One of the most notorious landlords of college students, Anwar N. Faisal and his Allston-based company Alpha Management Corp., have been defendants in at least 22 lawsuits and 11 criminal complaints in Boston Housing Court, according to court and city records. In the same period, he has received 469 code enforcement tickets totaling $51,720 for violations outside his buildings, including overloaded trash bins, but paid only $3,010 in fines.
Faisal's business practices have drawn intense scrutiny from city and state officials since the Spotlight series.
In August, Faisal appeared before a City Council committee and said he was "extremely disappointed" to be accused of being one of the city's worst landlords and insisted that he was improving how he maintains his apartments and handled tenant complaints.
Some student tenants near Northeastern University said that Alpha has improved maintenance and made repairs over the past month or so. But one outgoing tenant said an Alpha worker told him the improvements were made only to appease inspectors scheduled to visit and not to address longstanding complaints.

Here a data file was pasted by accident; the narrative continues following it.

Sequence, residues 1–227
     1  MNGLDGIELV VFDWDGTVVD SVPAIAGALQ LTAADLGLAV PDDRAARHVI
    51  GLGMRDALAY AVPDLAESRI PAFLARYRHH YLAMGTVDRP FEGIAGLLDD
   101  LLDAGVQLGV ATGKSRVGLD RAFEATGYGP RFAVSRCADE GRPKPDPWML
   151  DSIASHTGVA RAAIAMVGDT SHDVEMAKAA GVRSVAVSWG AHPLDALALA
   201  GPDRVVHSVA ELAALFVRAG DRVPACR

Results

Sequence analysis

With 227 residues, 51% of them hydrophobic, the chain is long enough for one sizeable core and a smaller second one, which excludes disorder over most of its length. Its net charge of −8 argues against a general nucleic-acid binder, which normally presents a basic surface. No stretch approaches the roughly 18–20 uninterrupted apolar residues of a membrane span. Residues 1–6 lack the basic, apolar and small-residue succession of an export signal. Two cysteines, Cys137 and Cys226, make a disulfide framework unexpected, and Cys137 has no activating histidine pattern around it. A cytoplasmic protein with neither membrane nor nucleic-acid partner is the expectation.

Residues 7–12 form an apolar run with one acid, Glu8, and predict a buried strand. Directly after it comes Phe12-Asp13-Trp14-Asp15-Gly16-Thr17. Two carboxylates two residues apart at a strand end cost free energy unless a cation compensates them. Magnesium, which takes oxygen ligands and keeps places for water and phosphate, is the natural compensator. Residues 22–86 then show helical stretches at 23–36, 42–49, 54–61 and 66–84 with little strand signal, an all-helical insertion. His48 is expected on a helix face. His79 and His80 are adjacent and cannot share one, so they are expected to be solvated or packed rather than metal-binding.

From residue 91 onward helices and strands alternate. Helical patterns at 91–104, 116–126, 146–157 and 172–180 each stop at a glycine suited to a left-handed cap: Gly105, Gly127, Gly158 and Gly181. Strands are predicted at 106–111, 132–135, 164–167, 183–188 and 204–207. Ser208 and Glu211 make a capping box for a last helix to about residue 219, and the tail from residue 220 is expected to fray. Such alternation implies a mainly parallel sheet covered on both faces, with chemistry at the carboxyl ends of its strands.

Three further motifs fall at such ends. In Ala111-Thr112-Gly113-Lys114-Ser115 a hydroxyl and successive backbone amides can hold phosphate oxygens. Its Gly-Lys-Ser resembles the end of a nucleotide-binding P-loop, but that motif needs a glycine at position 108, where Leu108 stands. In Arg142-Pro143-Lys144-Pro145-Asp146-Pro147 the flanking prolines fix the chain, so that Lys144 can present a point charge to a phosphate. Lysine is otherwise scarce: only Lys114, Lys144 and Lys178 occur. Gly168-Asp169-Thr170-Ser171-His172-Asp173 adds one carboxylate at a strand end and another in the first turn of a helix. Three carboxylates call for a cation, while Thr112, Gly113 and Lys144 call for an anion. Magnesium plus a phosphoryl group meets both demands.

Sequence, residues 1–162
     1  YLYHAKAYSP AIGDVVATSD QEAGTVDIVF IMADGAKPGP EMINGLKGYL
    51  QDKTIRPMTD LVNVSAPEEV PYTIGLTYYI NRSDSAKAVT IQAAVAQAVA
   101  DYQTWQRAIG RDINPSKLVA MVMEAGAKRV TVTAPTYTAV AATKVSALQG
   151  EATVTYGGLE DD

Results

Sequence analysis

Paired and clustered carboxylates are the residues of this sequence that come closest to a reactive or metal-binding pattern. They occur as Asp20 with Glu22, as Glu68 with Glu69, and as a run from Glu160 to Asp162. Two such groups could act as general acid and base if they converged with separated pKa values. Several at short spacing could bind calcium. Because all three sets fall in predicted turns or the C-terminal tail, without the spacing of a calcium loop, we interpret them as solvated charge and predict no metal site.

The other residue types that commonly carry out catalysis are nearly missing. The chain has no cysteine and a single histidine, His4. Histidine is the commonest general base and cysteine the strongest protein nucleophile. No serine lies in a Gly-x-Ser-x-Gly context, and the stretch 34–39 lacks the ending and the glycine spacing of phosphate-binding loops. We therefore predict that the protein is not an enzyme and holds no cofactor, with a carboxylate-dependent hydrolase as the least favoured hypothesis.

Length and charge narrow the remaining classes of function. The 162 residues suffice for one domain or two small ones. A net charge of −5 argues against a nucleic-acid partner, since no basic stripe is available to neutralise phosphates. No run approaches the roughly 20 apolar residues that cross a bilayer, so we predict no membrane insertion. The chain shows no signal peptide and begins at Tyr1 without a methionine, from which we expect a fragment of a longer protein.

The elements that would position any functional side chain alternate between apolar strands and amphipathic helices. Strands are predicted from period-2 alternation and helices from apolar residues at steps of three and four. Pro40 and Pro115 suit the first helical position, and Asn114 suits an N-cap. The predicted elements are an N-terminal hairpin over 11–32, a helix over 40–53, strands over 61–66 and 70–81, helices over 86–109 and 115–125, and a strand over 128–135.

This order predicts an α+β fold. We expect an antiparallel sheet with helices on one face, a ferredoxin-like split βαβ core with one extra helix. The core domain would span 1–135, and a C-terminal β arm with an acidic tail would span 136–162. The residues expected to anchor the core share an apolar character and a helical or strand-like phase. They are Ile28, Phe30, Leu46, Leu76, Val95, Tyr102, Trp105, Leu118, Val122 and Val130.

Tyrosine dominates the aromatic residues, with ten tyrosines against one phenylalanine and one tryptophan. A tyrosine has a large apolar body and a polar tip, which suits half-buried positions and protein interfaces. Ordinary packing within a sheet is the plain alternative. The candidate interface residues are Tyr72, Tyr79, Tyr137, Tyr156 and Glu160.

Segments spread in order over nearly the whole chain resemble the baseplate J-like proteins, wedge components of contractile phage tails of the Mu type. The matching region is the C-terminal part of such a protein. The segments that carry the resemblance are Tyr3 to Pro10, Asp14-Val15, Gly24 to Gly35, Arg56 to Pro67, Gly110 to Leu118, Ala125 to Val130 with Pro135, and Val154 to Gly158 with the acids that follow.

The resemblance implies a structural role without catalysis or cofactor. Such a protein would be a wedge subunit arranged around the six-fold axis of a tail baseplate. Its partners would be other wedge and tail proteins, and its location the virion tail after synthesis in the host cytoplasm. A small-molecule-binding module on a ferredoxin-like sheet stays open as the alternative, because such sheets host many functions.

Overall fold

Northeastern junior Patrick Burden, 21, of Lynnfield, moved out of an Alpha-owned unit at 115 St. Stephen St. He said he and a roommate last fall needed housing on short notice and had few other options aside from a tiny one-bedroom in the basement that still cost them $1,800 a month.
When they moved in, the bathroom floor tiles were shattered and mold was growing, he said. The unit's smoke detectors were stuffed in a kitchen cabinet. The old dishwasher broke and still does not run, he said. Roaches and ants are common.
Burden said that, for the first few months, he regularly reported the problems to Alpha, which has a management office near the building's entrance. No maintenance workers ever came by. He eventually gave up.
A couple of weeks ago, an Alpha employee finally visited to install smoke detectors.
"He said sorry that he hadn't come by sooner, but that he was here now because the inspectors are coming soon," recalled Burden.
Joshua Krefetz, a lawyer for Faisal, could not be reached for comment.
Jonathan Saltzman, Jenn Abelson, and Dina Rudick of the Globe staff contributed to this report. Matt Rocheleau can be reached at email@example.com. Follow him on Twitter @mrochele